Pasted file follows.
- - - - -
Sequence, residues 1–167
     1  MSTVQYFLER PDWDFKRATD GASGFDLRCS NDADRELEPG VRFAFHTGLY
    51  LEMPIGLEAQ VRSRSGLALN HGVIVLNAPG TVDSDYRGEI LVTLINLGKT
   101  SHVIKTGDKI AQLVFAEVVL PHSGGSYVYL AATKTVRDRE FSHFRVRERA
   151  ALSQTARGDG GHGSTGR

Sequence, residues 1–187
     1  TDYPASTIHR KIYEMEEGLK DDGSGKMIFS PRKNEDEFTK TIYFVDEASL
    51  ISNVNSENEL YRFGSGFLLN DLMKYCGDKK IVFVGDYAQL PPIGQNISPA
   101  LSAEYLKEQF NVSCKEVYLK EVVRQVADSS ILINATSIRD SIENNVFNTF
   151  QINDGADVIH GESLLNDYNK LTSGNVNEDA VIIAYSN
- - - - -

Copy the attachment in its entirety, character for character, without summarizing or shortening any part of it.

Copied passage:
Sequence, residues 1–167
     1  MSTVQYFLER PDWDFKRATD GASGFDLRCS NDADRELEPG VRFAFHTGLY
    51  LEMPIGLEAQ VRSRSGLALN HGVIVLNAPG TVDSDYRGEI LVTLINLGKT
   101  SHVIKTGDKI AQLVFAEVVL PHSGGSYVYL AATKTVRDRE FSHFRVRERA
   151  ALSQTARGDG GHGSTGR

Sequence, residues 1–187
     1  TDYPASTIHR KIYEMEEGLK DDGSGKMIFS PRKNEDEFTK TIYFVDEASL
    51  ISNVNSENEL YRFGSGFLLN DLMKYCGDKK IVFVGDYAQL PPIGQNISPA
   101  LSAEYLKEQF NVSCKEVYLK EVVRQVADSS ILINATSIRD SIENNVFNTF
   151  QINDGADVIH GESLLNDYNK LTSGNVNEDA VIIAYSN